unto Pergamos, and unto Thyatira, and unto Sardis, and unto
Philadelphia, and unto Laodicea.
12 And I turned to see the voice that spake with me. And being
turned, I saw seven golden candlesticks;
13 And in the midst of the seven candlesticks one like unto
the Son of man, clothed with a garment down to the foot, and girt
about the paps with a golden girdle.
14 His head and his hairs were white like wool, as white as
snow; and his eyes were as a flame of fire;
15 And his feet like unto fine brass, as if they burned in a
furnace; and his voice as the sound of many waters.
16 And he had in his right hand seven stars: and out of his
mouth went a sharp twoedged sword: and his countenance was as
the sun shineth in his strength.
17 And when I saw him, I fell at his feet as dead. And he laid
his right hand upon me, saying unto me, Fear not; I am the first
and the last:
18 I am he that liveth, and was dead; and, behold, I am alive
for evermore, Amen; and have the keys of hell and of death.
19 Write the things which thou hast seen, and the things which
are, and the things which shall be hereafter;
20 The mystery of the seven stars which thou sawest in my right
hand, and the seven golden candlesticks. The seven stars are the
angels of the seven churches: and the seven candlesticks which
thou sawest are the seven churches.
We have now come to that glorious vision which the apostle had of the
Lord Jesus Christ, when he came to deliver this revelation to him,
I. The account given of the person who was favoured with this vision.
He describes himself,
1. By his present state and condition. He was the brother and
companion of these churches in tribulation, and in the kingdom and
patience of Christ. He was, at their time, as the rest of true
Christians were, a persecuted man, banished, and perhaps imprisoned,
for his adherence to Christ. He was their brother, though an
apostle; he seems to value himself upon his relation to the church,
rather than his authority in it: Judas Iscariot may be an apostle, but
not a brother in the family of God. He was their companion: the
children of God should choose communion and society with each other. He
was their companion in tribulation: the persecuted servants of God did
not suffer alone, the same trials are accomplished in others. He was
their companion in patience, not only a sharer with them in suffering
circumstances, but in suffering graces: if we have the patience of the
saints, we should not grudge to meet with their trials. He was their
brother and companion in the patience of the kingdom of Christ,
a sufferer for Christ's cause, for asserting his kingly power over the
church and the world, and for adhering to it against all who would
usurp upon it. By this account he gives of his present state, he
acknowledges his engagements to sympathize with them, and to endeavour
to give them counsel and comfort, and bespeaks their more careful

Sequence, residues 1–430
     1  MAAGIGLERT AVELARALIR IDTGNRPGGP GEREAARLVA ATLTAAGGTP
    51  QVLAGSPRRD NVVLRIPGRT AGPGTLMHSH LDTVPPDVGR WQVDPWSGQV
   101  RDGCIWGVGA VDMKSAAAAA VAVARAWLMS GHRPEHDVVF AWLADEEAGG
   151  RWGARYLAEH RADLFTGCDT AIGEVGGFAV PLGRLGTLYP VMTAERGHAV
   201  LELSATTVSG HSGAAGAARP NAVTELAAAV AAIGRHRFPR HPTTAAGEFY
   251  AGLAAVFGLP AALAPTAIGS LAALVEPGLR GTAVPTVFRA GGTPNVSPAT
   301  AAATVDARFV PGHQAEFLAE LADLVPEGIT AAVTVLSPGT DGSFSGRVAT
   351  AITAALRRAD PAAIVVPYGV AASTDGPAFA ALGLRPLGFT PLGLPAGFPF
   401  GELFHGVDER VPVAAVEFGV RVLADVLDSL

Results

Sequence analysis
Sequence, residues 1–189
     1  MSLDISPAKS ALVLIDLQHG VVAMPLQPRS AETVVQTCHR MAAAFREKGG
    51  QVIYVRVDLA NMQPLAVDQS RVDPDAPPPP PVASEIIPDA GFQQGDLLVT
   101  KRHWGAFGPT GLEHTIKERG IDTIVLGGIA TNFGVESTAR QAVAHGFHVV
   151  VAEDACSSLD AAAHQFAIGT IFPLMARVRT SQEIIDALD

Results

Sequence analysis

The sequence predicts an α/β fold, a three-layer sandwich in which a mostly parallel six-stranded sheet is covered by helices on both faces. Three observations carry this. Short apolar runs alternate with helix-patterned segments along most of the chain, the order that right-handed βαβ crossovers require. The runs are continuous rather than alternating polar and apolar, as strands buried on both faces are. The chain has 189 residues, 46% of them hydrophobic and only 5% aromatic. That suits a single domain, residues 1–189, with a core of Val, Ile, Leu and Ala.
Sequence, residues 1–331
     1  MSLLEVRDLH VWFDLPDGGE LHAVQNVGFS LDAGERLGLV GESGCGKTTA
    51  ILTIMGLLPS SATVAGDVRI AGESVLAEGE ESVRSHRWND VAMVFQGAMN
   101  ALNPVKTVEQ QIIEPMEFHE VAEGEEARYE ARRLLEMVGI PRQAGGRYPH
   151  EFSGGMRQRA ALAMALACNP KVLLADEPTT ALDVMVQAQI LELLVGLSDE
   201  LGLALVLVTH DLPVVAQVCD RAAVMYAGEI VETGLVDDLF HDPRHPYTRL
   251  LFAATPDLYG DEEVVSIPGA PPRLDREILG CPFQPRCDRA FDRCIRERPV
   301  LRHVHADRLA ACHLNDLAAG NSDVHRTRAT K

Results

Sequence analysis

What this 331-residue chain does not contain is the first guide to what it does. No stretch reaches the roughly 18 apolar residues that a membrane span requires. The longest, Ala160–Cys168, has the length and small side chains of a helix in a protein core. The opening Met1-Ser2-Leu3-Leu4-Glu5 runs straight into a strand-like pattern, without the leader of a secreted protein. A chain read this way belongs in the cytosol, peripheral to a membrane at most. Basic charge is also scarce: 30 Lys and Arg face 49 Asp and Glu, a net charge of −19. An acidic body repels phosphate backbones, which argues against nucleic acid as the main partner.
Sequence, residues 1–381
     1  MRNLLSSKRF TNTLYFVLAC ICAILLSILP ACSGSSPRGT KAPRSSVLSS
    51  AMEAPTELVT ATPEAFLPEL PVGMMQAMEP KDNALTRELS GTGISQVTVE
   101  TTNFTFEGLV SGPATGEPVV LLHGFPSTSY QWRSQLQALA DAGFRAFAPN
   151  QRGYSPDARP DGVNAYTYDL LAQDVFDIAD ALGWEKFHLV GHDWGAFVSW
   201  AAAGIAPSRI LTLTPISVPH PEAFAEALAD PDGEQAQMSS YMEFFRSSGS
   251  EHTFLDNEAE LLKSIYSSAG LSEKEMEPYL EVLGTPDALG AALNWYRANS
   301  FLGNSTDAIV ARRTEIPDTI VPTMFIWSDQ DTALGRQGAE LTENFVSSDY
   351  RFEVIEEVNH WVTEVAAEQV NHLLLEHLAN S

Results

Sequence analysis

attention to what he had to say to them from Christ their common Lord.
2. By the place where he was when he was favoured with this vision: he
was in the isle Patmos. He does not say who banished him
thither. It becomes Christians to speak sparingly and modestly of their
own sufferings. Patmos is said to be an island in the Aegean Sea, One
of those called Cyclades, and was about thirty-five miles in compass;
but under this confinement it was the apostle's comfort that he did not
suffer as an evil-doer, but that it was for the testimony of Jesus, for
bearing witness to Christ as the Immanuel, the Saviour. This was a
cause worth suffering for; and the Spirit of glory and of God rested
upon this persecuted apostle.
3. The day and time in which he had this vision: it was the Lord's
day, the day which Christ had separated and set apart for himself,
as the eucharist is called the Lord's supper. Surely this can be
no other than the Christian sabbath, the first day of the week, to be
observed in remembrance of the resurrection of Christ. Let us who call
him our Lord honour him on his own day, the day which the Lord
hath made and in which we ought to rejoice.
4. The frame that his soul was in at this time: He was in the
Spirit. He was not only in a rapture when he received the vision,
but before he received it; he was in a serious, heavenly, spiritual
frame, under the blessed gracious influences of the Spirit of God. God
usually prepares the souls of his people for uncommon manifestations of
himself, by the quickening sanctifying influences of his good Spirit.
Those who would enjoy communion with God on the Lord's day must
endeavour to abstract their thoughts and affections from flesh and
fleshly things, and be wholly taken up with things of a spiritual
II. The apostle gives an account of what he heard when thus in the
Spirit. An alarm was given as with the sound of a trumpet, and then
he heard a voice, the voice of Christ applying to himself the